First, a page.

The cause: rising heat and a high concentration of algae in the Verdigris River are affecting production at the new water treatment plant. The water being pulled into the water treatment plant is clogging the filters faster than technicians can clean them out.


"Because of the algae problem, the plant is pumping treated water at a reduced capacity. Essentially, the plant is sending less treated water into the City for customers to use. This situation is compounded by increased demand due to the weather," a news release states.


It's a plea for patience. Broken Arrow city leaders are asking residents to conserve water until the algae can be removed.


"It's hot and people are using more water than the plant can keep up with," said Krista Flasch with the City of Broken Arrow.


5/28/2014 Related Story: Broken Arrow Using New $60 Million Water Treatment Plant

The new $60 million plant can churn out 20 million gallons of water a day, but the heat means water is at high demand. As people turn on their faucets, an unusually large amount of algae from the Verdigris River -- the city's main water source -- is clogging microscopic fiber filters.

"It takes more than six hours just to clean one membrane rack, and there are ten total racks to clean, so within three days, we should get caught up," Flasch said.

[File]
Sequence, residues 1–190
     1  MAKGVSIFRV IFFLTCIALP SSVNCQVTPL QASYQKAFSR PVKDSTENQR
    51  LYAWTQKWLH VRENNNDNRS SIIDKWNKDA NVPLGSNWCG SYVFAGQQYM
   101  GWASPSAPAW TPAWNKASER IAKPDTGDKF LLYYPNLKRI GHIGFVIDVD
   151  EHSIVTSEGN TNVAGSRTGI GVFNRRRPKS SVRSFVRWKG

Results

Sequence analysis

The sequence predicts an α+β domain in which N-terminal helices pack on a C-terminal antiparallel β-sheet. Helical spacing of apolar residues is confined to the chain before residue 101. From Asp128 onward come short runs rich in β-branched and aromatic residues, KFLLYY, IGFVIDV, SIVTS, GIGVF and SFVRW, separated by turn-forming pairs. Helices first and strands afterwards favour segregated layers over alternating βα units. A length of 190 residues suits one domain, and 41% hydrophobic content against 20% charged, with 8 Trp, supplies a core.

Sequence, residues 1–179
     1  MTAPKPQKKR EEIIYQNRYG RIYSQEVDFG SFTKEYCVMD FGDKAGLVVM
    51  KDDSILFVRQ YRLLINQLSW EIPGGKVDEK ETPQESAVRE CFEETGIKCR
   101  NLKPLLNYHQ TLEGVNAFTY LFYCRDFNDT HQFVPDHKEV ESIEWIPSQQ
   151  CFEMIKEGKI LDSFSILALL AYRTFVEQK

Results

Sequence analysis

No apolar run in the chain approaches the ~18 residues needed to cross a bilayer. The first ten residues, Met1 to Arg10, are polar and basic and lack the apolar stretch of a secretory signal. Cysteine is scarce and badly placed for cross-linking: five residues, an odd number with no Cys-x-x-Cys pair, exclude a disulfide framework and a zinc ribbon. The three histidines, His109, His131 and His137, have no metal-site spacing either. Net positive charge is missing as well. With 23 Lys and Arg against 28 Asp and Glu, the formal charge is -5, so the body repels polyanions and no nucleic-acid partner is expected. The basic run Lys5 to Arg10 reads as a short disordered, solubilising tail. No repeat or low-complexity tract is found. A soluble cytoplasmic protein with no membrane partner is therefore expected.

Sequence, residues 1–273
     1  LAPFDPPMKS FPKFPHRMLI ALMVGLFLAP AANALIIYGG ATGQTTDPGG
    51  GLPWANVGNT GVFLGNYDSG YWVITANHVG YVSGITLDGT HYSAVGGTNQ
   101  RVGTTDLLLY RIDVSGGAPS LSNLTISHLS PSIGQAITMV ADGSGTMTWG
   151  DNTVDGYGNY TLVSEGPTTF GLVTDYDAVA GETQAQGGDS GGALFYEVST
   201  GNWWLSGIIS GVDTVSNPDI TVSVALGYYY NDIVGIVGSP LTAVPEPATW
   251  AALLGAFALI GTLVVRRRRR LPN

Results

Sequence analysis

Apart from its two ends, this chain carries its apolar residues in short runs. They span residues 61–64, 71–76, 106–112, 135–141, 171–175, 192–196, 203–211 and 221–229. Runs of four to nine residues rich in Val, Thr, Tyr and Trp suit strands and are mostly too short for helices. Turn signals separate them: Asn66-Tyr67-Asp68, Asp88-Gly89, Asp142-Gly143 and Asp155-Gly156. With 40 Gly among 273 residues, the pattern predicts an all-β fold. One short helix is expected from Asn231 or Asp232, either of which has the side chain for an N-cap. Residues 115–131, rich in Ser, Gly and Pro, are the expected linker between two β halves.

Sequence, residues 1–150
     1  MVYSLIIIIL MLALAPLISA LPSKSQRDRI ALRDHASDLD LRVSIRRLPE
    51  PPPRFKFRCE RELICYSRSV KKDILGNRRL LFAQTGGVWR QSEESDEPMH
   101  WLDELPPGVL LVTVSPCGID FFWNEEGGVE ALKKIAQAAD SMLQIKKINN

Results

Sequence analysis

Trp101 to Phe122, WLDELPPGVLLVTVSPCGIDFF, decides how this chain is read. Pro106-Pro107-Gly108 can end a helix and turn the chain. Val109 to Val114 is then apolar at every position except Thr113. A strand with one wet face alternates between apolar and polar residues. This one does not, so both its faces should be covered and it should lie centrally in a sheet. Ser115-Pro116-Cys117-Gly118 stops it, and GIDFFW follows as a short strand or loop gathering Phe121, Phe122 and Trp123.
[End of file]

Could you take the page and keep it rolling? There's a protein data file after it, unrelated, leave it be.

Residents are asked to "significantly limit" outdoor water usage such as watering lawns or filling swimming pools during the next three days.

City-operated swimming pools will stay open, but splash pads will close.

Broken Arrow resident Randy Pond was fishing at the Verdigris River Saturday. He says it doesn't bother him.

"Lot of people are wanting to fill their pools and stuff up, little kiddie pools, and let their kids have a good time," he said. "I don't see why they couldn't just take them to a lake and let them go swimming there."

Although, he does hope more algae in the river means a greater chance at a bite.

Yeah, hopefully it'll help me out here today, but so far not really," Randy Pond said.

The city is looking into why there's a high concentration of algae in the river. The city assures residents it will not run out of treated water and says the water is safe to drink.